Wine, Sweet and Abundant: Unexpected Encounters With Lebanese Wines
Learning about and experiencing the world of wine is a journey not a destination. With over 10,000 wine grape varieties revealing different flavors from each growing region and the variations in climate that affect each vintage, the variety of wine to experience is endless. Generally, wine drinkers focus on the most popular regions, but it is a worthy pursuit to explore lesser-known options in search of hidden gems.
A friend suggested that I should consider wines from Lebanon. I could not imagine that this war-torn region of the world could produce and export anything palatable, but being the open-minded guy that I am (my friends who are reading this are ROTFLTAO), I began a pursuit to learn about Lebanese wine.
Lebanon is one of the oldest winemaking regions of the world, and the Phoenicians, who were the ancient inhabitants of the area, carried their wine throughout the Mediterranean. Quality wines are not generally produced in such subtropical climates, but the unique inland plateau of the Bekaa Valley is Lebanon’s most fertile farming region and home to several world-renowned wine producers. Their modern approach is influenced by winemakers educated in France with plantings of cabernet sauvignon, merlot, cinsaut, carignan and grenache. One might think that everyone in the world is trying to create the finest cabernet or merlot, but the Lebanese winemakers are more focused on blends that contain a dominant amount of cinsault, a grape from the Rhone Valley of France that thrives in a warmer, more arid climate.
In 2011, Lebanon was estimated as being the 45th largest producer of wine representing only 0.05 percent of the world’s wine production. About half is consumed in that country, so there’s not much left for export.
Talking about wine that is not available for purchase might be scholarly, but I’m only interested in drinking. Since the Merrimack Valley has such a healthy Lebanese population, I figured this should be a great place to find wine from the old country.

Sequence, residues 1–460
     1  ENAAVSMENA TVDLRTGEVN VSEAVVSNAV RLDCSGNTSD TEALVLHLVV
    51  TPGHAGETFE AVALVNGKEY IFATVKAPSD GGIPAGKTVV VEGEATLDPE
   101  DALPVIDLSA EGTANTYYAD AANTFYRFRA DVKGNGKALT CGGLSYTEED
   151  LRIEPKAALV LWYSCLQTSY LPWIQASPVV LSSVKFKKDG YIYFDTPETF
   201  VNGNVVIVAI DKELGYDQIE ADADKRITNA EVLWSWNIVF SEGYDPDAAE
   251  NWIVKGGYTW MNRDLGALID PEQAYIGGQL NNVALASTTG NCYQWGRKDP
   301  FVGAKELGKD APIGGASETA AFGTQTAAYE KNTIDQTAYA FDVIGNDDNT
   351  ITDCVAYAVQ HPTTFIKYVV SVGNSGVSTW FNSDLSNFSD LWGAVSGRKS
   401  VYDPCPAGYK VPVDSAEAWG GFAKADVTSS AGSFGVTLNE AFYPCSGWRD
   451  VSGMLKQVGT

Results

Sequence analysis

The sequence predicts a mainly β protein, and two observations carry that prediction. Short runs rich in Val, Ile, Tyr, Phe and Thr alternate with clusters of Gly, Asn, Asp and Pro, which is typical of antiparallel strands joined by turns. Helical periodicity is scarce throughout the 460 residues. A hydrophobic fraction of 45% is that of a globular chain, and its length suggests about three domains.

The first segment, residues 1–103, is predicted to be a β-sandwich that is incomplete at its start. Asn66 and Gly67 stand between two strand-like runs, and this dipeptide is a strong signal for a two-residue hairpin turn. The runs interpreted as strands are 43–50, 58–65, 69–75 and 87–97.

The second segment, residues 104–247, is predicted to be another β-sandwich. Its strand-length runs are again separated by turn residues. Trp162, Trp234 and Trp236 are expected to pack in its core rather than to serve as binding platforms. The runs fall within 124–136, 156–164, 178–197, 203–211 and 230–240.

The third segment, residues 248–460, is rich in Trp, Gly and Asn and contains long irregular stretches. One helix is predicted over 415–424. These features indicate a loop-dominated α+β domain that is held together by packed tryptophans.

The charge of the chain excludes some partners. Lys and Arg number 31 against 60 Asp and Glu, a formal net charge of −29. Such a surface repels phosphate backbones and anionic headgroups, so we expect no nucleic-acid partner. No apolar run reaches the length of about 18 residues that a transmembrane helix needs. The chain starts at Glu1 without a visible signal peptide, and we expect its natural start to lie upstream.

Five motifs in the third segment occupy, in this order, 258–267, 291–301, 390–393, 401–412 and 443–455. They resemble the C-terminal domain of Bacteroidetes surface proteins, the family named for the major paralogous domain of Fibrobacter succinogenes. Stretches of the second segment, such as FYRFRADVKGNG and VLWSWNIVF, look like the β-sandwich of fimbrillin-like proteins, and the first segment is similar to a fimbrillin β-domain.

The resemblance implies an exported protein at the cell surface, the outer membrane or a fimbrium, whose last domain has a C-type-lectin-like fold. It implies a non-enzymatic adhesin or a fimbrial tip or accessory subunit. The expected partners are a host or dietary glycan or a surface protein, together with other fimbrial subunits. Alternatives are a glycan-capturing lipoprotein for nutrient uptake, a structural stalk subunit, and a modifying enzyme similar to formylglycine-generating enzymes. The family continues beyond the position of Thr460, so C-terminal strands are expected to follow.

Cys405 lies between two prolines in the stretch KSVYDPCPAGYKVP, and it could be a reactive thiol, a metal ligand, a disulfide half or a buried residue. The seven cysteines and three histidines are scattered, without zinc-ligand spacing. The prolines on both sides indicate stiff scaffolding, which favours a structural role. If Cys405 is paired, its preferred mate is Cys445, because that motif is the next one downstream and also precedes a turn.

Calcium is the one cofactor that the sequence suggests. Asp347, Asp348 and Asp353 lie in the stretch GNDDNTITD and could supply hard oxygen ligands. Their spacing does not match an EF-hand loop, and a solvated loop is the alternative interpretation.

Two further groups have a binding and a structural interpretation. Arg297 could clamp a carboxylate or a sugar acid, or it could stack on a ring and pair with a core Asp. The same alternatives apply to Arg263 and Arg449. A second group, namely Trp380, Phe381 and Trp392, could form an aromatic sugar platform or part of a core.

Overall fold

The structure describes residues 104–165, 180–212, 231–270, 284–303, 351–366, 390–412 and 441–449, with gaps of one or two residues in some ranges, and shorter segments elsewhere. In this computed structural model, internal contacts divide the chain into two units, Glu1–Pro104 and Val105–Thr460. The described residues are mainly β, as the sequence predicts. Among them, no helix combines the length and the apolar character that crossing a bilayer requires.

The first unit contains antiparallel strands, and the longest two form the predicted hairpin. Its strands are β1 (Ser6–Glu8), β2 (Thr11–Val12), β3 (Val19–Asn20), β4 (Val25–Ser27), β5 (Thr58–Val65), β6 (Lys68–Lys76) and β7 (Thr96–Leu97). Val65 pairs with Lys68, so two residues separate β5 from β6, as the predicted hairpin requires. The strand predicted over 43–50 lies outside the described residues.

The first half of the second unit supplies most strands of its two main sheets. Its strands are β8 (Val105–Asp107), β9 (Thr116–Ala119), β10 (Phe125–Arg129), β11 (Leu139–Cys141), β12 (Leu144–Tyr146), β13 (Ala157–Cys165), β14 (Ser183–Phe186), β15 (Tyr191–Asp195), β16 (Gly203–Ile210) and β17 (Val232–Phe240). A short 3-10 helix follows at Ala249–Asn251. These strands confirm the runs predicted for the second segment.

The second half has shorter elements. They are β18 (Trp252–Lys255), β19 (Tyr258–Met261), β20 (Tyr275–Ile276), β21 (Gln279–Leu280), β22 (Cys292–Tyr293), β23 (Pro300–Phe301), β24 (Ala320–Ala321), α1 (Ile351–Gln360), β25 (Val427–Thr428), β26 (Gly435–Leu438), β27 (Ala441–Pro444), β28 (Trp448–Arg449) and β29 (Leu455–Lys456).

I began my exploration at Andover Classic Wines, where Andrea Difiore directed me to the one and only selection they had in stock: Chateau Musar’s 2011 Hochar Père et Fils Red. “Is this any good?” I asked. “Fantastic,” she replied. This wine is a blend of 50 percent cinsault, 30 percent grenache, 10 percent cabernet sauvignon and 10 percent carignan. It imparts earthy flavors of tea, cloves, coffee and tobacco, along with fruity blackberry and cherry notes. Andrea was right. It was a great selection that I will find room for in my cellar.
Most wine professionals would agree that Chateau Musar is the premier wine exported from Lebanon. Its unique qualities were not known worldwide until the ravages of civil war influenced second-generation owner and winemaker Serge Hochar to introduce his products to the U.K.’s Bristol Wine Fair in 1979.
The unrest in Beirut had decimated Lebanon’s domestic market for fine wines, so Serge turned to international exporting. It took another 20 years before he was able to break into the U.S. market, so don’t feel too bad if you haven’t yet discovered this gem. Our first opportunity arrived in Y2K, and at that point I was buying my wine at the supermarket and questioning why some $15 bottles didn’t taste any better than $10 bottles. Today, you will find Chateau Musar on some of the most prestigious wine lists, including the one at The French Laundry in the Napa Valley, where a bottle of the 1988 vintage will cost you $895. If you can settle for the 2000 vintage, it will only cost you $195.
Chuck Palazzolo at Lucia’s Bodega in Windham, N.H., had another fabulous Lebanese selection from the winemakers at Ixsir, also located in the Bekaa Valley. The 2011 EL Ixsir Red is their premier offering. This wine is aged for 24 months in French oak and contains a blend of syrah (55 percent), cabernet sauvignon (35 percent) and merlot (10 percent).
Ixsir’s vineyards are located at high elevations (5,900 feet) in limestone soil. These growing conditions contribute to the mineral rich flavors and the velvety smooth tannins.
My search continued with Sam Messina at the Wine Connextion in North Andover. I tasted a lineup of Massaya wines, also produced in the Bekaa Valley. The outstanding selection from this winery was the rosé, made from a blend of 40 percent cinsault, 30 percent syrah and 30 percent cabernet sauvignon. It was very aromatic, with hints of strawberries. This wine strikes me as perfect for the summer, and the price is very reasonable.
Being open-minded about your wine selections is crucial if you want to expand your palate. It’s easy to fall into a rut once you find something you like. Remember, fine wines are created all over the globe. I even found seven selections of wine from Mexico on The French Laundry’s wine list. I wonder if we can get them past Trump’s wall. Salute!
Andover Classic Wines
2011 Hochar Père et Fils Red l $32
Ixsir l 2011 EL l $80
North Andover, Mass.
Massaya l 2016 Rosé l $16